, Research Paper
One Flew Over The Cuckoo?s Nest
Randle Patrick McMurphy, the main character in ?One Flew Over the Cuckoo?s Nest?, is the perfect example of a hero. He is committed to a mental institution after faking insanity to get out of a work camp. From the beginning of his presence on the ward, things start to change. He brings in laughter, gambling, profanity and he begins to get the other patients to open up. All of this, however, clashes with the head nurse, Nurse Ratched, who is trying to press conformity and obeying authority. It is then a battle between McMurphy and the nurse, McMurphy trying to set the patients free and the nurse trying to make them ?normal?.
The most obvious hero type of McMurphy is an out-law hero. This is evident in his struggle against the nurse and the combine which represent society. He is an outlaw because he is his own person. He has freedom to act how he wants, think what he wants and be what he wants, and society is out to make him be like everyone else, to conform. At first, McMurphy?s rebellion against authority is just a selfish attempt to make his life on the ward more comfortable. But later on he realizes that the other patients rely on him and need him to help them be free. This is seen in the book when Cheswich drowns himself after McMurphy starts to give in to the nurse. Then, McMurphy sees that he has to be the leader and continue to resist authority. In this way McMurphy is sort of the like Christ, whom he is compared to many times in the book. They are both leaders and they both sacrificed themselves to save their followers.
Another one of McMurphy?s hero types is an anti-hero, which is a hero who lacks some attributes of being a classic hero. A classic hero is a hero with ethics and morals and who respects everyone and everything. This is not who McMurphy is. He swears all the time, he gambles and cheats the other patients out of their money, not to mention the fact that he was accused of statutory rape and put in a prison camp. Even thought he is a criminal, he is always and honest and caring towards the other patients.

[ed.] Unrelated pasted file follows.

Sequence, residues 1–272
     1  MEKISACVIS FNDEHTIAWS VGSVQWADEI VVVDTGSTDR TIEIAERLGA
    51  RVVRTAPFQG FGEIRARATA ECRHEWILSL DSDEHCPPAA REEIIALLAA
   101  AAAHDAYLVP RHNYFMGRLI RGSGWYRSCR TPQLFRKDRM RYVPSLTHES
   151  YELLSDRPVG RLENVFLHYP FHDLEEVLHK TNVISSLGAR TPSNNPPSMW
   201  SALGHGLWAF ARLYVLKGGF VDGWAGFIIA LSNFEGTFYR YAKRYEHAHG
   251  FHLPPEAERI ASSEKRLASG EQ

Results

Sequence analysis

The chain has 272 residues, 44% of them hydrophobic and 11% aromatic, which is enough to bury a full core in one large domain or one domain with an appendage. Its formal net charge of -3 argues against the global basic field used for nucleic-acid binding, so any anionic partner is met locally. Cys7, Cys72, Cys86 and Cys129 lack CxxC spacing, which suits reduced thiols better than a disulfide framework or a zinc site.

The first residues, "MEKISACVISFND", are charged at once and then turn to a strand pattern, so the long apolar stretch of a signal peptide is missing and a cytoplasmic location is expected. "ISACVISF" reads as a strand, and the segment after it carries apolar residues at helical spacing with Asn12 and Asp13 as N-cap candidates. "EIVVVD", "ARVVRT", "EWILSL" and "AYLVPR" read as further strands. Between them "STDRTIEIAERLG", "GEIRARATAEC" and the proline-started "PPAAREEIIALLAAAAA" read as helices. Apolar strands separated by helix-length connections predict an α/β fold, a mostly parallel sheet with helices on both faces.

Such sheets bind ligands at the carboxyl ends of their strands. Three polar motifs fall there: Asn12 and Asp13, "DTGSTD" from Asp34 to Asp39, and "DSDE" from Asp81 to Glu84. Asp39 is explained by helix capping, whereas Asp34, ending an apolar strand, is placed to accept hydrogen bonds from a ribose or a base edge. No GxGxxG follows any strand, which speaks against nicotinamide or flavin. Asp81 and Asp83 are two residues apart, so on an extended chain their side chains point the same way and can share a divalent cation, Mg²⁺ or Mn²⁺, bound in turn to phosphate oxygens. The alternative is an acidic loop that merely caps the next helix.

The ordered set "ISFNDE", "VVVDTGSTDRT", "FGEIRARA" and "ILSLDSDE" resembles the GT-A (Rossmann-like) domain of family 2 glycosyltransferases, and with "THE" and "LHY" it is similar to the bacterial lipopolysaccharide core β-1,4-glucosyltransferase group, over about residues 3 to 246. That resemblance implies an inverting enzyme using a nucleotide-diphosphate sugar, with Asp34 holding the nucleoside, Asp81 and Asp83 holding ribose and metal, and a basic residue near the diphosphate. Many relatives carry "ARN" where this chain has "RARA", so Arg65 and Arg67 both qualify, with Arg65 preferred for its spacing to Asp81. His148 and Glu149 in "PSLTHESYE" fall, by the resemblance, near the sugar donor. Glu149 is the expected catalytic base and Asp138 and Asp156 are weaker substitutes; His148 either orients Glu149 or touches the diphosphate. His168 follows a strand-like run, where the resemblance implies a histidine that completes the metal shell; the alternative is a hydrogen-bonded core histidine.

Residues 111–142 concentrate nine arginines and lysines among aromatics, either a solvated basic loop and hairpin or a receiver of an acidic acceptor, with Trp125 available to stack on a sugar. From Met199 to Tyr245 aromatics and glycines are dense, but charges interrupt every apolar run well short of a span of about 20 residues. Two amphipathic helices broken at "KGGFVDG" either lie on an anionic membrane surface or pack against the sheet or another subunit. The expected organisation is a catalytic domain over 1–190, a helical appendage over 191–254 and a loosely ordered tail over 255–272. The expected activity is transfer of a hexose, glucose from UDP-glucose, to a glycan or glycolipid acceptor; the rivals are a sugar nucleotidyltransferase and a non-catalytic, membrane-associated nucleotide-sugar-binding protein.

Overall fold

He is true to himself and everyone else and he tries to get the other patients to be like that, too. He remains an individual despite the combines consistent attempts to repress him.
McMurphy can also be considered a tragic hero. Although he could almost always take control of a situation and never let the combine get the best of him, he could not always control his temper. It was the one think that could get him in trouble because Nurse Ratched could not punish him with electric shock therapy unless he had an outburst. The best thing that McMurphy could have had in the hospital was patience and a calm temper because the only weapon Nurse Ratched had was to try to frustrate him. Since she has ultimate power on the ward, she could do anything she wants and make any rules. For instance, when the patients wanted to watch the world series and they clearly had a majority, she didn?t let them because she wanted them to know that she has authority and sooner or later they will have to give in and obey her. This really annoyed McMurphy, but by yelling at the blank screen, he turned things around and frustrated her. It was his temper that eventually led to his death. After Billy Bibbit killed himself, McMurphy attacked the nurse and tried to strangle her. This gave her reason to have McMurphy lobotomized which led to Chief Bromben killing him.
In the end, even though Randle Patrick McMurphy dies, he succeeds in his mission of setting the other patients free. Chief Bromden, the narrator, gains his size and confidence and he can face reality without retreating onto his imagination. Also, almost all of the other patients leave the hospital because they no longer need someone to follow. They have learned from McMurphy to live on their own and have rejected the brainwashing of the combine.